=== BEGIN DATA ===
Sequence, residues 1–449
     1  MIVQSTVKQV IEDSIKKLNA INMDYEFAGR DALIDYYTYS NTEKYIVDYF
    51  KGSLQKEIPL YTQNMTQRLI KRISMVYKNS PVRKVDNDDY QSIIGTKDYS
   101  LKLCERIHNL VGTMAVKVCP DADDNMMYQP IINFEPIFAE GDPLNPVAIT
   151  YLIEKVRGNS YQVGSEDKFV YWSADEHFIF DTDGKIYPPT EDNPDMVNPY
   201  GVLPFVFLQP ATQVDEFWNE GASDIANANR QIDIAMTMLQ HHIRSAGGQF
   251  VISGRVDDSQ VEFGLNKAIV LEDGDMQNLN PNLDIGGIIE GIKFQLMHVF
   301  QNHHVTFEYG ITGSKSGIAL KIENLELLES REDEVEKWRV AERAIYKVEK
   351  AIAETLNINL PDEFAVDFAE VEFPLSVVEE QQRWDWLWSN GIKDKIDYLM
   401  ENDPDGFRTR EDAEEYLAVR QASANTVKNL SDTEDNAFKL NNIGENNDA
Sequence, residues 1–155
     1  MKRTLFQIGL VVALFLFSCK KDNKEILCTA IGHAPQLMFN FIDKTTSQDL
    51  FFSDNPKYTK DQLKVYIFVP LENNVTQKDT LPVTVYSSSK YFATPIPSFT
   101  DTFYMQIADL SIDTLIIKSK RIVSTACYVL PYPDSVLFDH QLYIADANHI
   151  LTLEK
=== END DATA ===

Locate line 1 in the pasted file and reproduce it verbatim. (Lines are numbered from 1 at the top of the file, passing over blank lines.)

Sequence, residues 1–449